TOKYO -- Two of Japan's largest psychiatric societies will carry out investigations of their connection to the "unfortunate history" of forced sterilization surgeries on those with intellectual disabilities or mental illnesses carried out under the eugenic protection law (1948-1996).
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The academic Japanese Society of Psychiatry and Neurology and the educational Japanese Association for Mental Health, with a membership of 17,000 and 800, respectively, are the first organizations to announce that they will conduct self-verification of their involvement with the eugenic protection law. The academic society is set to launch their investigation in June this year, while the educational association will establish a survey panel on Jan. 29, and publicize their results after verification has been completed.
The forced operations mainly targeted those with psychiatric and intellectual conditions, and many psychiatrists made applications for the procedures to the prefectural eugenic protection examination panels, and others also served as members on the decision-making panels. If verification investigations from such large groups progress, then it could shine a light on the process of selecting individuals for the surgeries and the actual application process.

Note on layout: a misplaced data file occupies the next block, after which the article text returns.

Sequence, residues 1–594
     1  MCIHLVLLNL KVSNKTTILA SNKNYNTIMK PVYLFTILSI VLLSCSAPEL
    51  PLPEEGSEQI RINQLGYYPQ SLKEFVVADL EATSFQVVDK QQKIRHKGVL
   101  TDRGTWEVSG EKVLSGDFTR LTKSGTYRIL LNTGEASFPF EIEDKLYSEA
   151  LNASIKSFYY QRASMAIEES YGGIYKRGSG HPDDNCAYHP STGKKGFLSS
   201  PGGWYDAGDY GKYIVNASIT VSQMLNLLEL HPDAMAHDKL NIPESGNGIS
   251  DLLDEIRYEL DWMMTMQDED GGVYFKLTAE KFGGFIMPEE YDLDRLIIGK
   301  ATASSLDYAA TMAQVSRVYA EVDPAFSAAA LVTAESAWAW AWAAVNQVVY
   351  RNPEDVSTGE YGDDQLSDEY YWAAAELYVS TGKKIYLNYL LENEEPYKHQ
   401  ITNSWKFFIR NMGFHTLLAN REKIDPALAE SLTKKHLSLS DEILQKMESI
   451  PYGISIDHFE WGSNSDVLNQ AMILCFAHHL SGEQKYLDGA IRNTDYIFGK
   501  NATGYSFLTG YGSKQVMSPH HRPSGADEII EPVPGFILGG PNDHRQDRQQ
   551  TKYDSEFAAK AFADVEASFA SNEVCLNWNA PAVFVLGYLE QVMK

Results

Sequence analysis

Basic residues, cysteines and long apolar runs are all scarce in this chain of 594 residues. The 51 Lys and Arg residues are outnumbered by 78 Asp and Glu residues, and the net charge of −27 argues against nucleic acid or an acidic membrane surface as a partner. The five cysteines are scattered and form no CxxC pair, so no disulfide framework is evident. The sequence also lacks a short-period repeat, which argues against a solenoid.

In 1953, five years after the eugenics law went into effect, the Japanese Association for Mental Health submitted a petition to the then Ministry of Health and Welfare requesting "fiscal measures to promote the implementation of eugenic surgeries to prevent the genes of those with mental disorders to be passed on." Immediately following the request, the number of operations carried out all across Japan topped 1,000 cases annually, and it is thought that the association not only was involved in the applications for the surgeries based on the law, but also played a role in the increase in the total number of surgeries.
At the time, University of Tokyo professor Yushi Uchimura, who was the director of the association, was also serving as the director of the Japanese Society of Psychiatry and Neurology.
An internal panel set up within the society has been debating the need for verification of its involvement in the eugenics issue since last summer. At a general conference of the society to be held in June, they plan to invite experts on the history of eugenics and others, and begin the verification process.
The Japanese Association for Mental Health, meanwhile, is planning to investigate the involvement of both the psychiatrists who were part of the group and the organization itself in surgeries including those carried out under the predecessor to the eugenics law, the National Eugenic Act (1941-1948), which was modeled after the sterilization law in Nazi Germany.
"I can't speak about the details of the content of the verification at this time," said association director Takuya Kojima. "But we would like to carry out thorough internal discussions, and report the results to the public."
(Japanese original by Norikazu Chiba, Science & Environment News Department)